A Symbol of Race or Faith?
By Sidney Hearn
In recent years, artists have searched for a new and more modern way to depict the image of Jesus Christ. One platform, the National Catholic Reporter, challenged artists with the question, “What would Jesus Christ look like in the year 2000” (“Jesus 2000”)? Above the altar of St. Stephen the Martyr Catholic Church in Birmingham, there once hung a crucifix that in its unique way answered this question. Known as the “Christ of the Nations” crucifix, it portrayed Jesus as a man of multiple races. Though this image was taken down after several years, it served for a time to remind worshipers not only of Jesus’ sacrifice on the cross, as a typical crucifix does, but also that when God became human he united himself to all races, not just one. This crucifix challenged social and religious normalcy and brought to light an idea of what a new image of Jesus might look like.
Background of St. Stephen’s and Christ of the Nations
St. Stephen the Martyr Catholic Church began on the Southside of Birmingham as a campus ministry in the 1980s. The University of Alabama at Birmingham was rapidly expanding. this created the perfect environment for St. Stephen to begin its ministry. St. Stephen’s officially opened in 1991. In its early years, the church employed various temporary installations of liturgical art. It was not until 1998 that the Christ of the Nations [Figure 1] was hung directly above the altar. A priest in Missiouri, Father David J. Dohogne, explains that “when you walk through the doors of the church, the crucifix is one of the first things to grab your attention: the open arms of our Savior gladly welcomes and receives us into his presence” (Dohogne). The Christ of the Nations fulfilled this purpose by standing out as the main centerpiece at St. Stephen, drawing all eyes to its unique features.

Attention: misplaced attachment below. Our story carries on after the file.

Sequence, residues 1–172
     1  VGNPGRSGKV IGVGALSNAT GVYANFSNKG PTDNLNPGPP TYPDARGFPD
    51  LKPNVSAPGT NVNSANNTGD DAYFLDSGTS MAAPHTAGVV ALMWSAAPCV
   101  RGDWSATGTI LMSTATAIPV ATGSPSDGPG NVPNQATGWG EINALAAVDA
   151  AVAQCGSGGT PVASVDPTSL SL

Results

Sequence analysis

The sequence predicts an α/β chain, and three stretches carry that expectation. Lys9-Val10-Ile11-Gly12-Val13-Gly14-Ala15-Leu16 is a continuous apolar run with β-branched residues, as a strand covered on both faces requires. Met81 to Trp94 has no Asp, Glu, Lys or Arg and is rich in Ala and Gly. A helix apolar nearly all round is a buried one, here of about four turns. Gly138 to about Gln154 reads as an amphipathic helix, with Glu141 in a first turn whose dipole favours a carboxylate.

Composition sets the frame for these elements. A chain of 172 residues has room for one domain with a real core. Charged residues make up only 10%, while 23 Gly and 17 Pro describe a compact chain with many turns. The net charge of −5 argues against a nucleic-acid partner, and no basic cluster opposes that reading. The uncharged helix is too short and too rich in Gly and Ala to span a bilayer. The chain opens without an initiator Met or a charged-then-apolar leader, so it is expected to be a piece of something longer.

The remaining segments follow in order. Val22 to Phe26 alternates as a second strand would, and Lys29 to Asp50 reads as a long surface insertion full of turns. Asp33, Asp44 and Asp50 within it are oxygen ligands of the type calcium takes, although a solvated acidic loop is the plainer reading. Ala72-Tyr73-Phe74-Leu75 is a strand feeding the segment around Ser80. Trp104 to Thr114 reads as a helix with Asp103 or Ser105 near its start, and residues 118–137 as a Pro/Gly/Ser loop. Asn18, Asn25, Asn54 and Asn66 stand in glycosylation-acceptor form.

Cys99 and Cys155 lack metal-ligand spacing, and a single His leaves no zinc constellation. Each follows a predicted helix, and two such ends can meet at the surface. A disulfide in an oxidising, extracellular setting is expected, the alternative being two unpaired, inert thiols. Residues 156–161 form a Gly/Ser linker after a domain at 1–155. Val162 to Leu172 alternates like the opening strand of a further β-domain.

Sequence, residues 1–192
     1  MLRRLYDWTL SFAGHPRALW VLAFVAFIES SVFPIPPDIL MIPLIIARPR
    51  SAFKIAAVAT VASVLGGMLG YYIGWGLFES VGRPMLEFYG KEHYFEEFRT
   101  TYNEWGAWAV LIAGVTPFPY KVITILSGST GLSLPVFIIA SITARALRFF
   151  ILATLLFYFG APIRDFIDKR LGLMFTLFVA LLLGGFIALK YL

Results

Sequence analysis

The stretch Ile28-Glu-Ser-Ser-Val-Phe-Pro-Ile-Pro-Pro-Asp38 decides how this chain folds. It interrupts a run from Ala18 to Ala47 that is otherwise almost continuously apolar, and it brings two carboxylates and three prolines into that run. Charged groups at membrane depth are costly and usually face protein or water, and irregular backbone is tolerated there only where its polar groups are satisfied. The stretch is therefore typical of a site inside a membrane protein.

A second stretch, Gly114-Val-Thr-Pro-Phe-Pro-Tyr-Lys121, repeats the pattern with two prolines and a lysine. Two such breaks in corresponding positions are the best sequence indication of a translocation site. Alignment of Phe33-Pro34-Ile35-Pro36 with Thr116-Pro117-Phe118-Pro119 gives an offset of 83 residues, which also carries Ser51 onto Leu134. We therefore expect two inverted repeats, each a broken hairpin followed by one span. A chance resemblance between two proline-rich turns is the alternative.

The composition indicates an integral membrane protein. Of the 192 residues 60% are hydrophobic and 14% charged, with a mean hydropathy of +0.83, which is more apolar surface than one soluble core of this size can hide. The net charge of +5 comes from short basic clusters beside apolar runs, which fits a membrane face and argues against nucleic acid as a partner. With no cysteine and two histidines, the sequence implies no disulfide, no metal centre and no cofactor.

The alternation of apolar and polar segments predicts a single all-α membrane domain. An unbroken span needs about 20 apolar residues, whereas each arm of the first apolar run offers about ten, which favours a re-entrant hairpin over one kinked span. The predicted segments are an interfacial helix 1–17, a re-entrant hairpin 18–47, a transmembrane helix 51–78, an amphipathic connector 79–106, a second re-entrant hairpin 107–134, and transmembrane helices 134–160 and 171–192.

The crucifix itself was a two-dimensional object with four distinct sides. On this cross, the body of Christ is folded forward and the cross itself folded backward. Above the crucifix was a light shown down, cast the shadow of a diagonal cross on the square altar below. The arms of Jesus were open wide, both welcoming the congregation in and representing the redemption available to all who believe. Many of the features of this crucifix are highlighted by David Bains in his article “A Multi-Racial Jesus in Birmingham, Alabama.” These include that the emptiness of the cross itself symbolized resurrection. The most notable and arguably most surprising aspect of this art piece is that each of the four parts of the body of Christ displayed Christ as a different race. It was this feature, along with the unique structure of the crucifix, that made it so unusual and distinctive. As Bains puts it, “It certainly did not meet any strict definition of what a crucifix at an altar should be” (Bains). The racial diversity of the image of Jesus is uncommon, which is one possible reason for its removal from the church.
The Significance of the Catholic Crucifix